How Easy / Difficult is it to make a Max4Live Patch To Edit The Oberheim OB-8?

    Jan 28 2013 | 3:58 pm
    I've not used Max4Live before but was wondering how difficult it would be to create a max4live midi editor (or modify an existing one). I got the idea after seeing that midiquest did an OB-8 editor and saw max4live ones like:
    Something like this but with a background Oberheim SEM style GUI I could do in photoshop and a knob / button for every parameter?
    If anyone could give me any tips, advice or help with this would be superb. Thanks

    • Jan 28 2013 | 6:44 pm
      Hello, I am not an expert. But I can give you my return on experience: I wanted to make a drum sequencer, fun to use and practical in my live cts. I looked at the M4L skinner box patch and I'd love their sequencer. the issue is their sequencer was connected to their own sound modules. I wanted to use their sequencer connected to a drum rack... so I had to modify their patch and modify it according to my needs.
      I tell you this as I guess you are in the same "shape"... and my first advice would be to find a patch that looks like what you are trying to reach...
      Look at the Moog Minitaur patch (unfreeze it, look at the dependencies, bla bla) and try to learn from it. Copy it, and start changing the NRPN messages or MIDI CC code sent to the minitaur to match the one of OB-8. make some tests.... enjoy.
      Next, once you have a "simple" patch working, you can either: - continue to improve your patch but you don't look at the look and feel, no pictures ... - either you are happy with your "simple" patch and you go to photoshop (better GIMP) and you create a nice background.
      I advice you to use the ableton live buttons and knob (Live.dial, etc). you can change the colors, etc. you will be not dependent of your pictures if you use live knobs and buttons.
      final advice, try to use live buttons and live dial that can be midi mapped into ableton live :-) like this you can add a lidi controller :-)
      I don't know if I answered to your question but I hope it helped a bit! :-)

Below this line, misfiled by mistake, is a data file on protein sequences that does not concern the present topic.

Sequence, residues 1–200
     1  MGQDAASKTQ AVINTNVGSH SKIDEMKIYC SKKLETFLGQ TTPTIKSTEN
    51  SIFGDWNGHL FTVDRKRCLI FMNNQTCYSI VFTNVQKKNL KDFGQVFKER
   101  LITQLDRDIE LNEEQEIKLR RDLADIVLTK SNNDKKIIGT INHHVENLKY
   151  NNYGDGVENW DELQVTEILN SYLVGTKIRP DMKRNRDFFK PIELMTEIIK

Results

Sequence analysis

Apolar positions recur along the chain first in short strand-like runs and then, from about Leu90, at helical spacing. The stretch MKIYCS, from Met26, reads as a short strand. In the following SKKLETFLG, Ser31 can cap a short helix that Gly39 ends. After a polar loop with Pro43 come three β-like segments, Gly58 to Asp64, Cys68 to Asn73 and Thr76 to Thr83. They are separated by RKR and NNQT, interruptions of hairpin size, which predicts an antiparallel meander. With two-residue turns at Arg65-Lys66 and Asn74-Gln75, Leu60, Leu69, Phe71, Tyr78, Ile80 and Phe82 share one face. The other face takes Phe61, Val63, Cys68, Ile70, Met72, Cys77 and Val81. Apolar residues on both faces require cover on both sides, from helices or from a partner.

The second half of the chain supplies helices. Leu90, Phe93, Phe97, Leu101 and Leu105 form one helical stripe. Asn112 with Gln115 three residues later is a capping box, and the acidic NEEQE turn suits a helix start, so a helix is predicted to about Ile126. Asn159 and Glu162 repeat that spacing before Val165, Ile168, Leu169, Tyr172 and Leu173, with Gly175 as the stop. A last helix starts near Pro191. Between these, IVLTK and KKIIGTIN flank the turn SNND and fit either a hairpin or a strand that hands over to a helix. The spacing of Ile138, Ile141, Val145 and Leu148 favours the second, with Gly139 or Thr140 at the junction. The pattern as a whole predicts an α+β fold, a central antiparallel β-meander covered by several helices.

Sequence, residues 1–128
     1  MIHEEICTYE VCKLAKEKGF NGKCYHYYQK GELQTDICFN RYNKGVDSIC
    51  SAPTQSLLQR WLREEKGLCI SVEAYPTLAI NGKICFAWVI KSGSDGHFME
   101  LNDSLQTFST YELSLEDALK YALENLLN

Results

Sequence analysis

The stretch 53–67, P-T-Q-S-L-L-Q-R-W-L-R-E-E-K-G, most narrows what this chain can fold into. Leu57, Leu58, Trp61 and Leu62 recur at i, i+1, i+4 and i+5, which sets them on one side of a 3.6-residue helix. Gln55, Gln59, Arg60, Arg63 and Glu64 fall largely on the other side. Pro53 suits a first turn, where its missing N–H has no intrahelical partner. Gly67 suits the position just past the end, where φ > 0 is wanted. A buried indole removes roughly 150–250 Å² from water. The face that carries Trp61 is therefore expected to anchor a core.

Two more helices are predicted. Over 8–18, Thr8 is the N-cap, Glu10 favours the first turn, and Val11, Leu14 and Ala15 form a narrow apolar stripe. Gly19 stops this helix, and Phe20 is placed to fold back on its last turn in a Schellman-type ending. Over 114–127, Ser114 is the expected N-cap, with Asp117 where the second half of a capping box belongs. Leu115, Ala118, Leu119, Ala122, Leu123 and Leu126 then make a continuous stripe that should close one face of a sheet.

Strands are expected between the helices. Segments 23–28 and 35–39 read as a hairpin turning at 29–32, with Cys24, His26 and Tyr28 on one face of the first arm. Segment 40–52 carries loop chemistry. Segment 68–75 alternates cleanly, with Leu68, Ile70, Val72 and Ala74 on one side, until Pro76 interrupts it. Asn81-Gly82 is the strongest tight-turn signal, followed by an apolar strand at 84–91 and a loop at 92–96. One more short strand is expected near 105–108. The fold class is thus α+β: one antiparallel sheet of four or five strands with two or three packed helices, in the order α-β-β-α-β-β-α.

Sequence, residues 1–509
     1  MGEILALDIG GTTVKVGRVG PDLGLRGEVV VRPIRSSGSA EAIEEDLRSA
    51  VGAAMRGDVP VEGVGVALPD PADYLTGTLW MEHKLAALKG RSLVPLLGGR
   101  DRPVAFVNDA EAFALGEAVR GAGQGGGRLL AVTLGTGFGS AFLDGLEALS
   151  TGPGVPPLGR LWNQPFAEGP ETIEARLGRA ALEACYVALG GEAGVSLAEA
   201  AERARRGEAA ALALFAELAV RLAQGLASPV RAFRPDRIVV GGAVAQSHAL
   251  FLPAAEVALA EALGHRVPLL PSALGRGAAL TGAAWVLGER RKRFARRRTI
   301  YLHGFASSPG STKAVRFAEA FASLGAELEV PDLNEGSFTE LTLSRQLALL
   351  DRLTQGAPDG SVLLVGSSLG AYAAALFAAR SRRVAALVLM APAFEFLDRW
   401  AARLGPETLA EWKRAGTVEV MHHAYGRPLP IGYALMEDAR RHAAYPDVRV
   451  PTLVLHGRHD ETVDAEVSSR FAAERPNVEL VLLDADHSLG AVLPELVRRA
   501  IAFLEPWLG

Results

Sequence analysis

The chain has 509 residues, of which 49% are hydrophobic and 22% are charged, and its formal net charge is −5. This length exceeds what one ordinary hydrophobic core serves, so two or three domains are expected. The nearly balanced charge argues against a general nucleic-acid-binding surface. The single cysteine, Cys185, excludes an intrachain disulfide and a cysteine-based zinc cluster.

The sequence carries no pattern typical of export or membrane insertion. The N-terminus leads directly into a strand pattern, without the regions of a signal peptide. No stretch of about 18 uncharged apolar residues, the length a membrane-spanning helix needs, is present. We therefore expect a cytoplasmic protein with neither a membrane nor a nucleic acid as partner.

• Jan 28 2013 | 7:29 pm
      Yes thanks. Thats the kind of thing I was thinking of doing. Max keeps on crashing on me. Managed to open the minitaur patch and unfreeze it but then i havent got a clue. The photoshop bit should be fine. Just the max bit that worries me haha. Are there any easy tutorials for making m4l midi editors?
    • Jan 28 2013 | 8:14 pm
      hum, no real tutorials on a full midi editor. You will find smaller patches that you have to associate to make a "bigger" patch. many exemples can be found in the MAX help...
      You need to learn either by practicing, meaning that you open the patch, unfreeze and make changes into the patch... then you check what are the results. the next possibility is to buy a book...
      it took me long to understand M4L , and I am still learning, I am missing a lot of concepts behind M4L... in fact, I learn by practicing, this why the learning is slower... but I enjoy, I learn step by step... I am however facing many frustation.. I should read the documentation more often!
      if you can't get a book, I guess that you should really look at minitaur function... you write down what you what to do in terms of function (not programming, just describe general functions). then try to find in the minitaur patch similar function, open the patch, catch the modules that are dedicated to this function and learn from it ;-)
      but but the best is to design your functions, then check with a book or max for live tutorials to find some exemples. ask also question in this forum :-)
      for instance, I asked several question and people helped me, next, they gave me some modules names and I look at the max for live HELP... and found many exemples.
      hope it helps :-)
      I don't know books... so if someone can give us a link? Next, I know that if you go on "community" in the menu of this forum, you get toolbox, wiki (big exemples), etc... this can help as well.
      good luck!
    • Jan 28 2013 | 8:51 pm